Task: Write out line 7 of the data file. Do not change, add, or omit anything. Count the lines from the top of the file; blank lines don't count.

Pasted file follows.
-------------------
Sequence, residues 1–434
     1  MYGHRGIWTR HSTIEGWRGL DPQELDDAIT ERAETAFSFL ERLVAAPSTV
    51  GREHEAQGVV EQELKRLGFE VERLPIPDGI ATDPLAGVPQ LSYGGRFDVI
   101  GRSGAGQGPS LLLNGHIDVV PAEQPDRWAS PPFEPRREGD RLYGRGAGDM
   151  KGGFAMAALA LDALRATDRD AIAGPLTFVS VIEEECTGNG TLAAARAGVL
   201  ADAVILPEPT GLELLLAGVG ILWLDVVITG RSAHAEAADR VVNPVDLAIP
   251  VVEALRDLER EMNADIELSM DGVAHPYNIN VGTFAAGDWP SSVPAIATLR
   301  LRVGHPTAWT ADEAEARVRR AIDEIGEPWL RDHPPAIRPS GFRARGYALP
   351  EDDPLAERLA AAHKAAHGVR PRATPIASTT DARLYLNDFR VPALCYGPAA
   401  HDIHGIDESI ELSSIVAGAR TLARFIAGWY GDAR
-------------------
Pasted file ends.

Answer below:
   251  VVEALRDLER EMNADIELSM DGVAHPYNIN VGTFAAGDWP SSVPAIATLR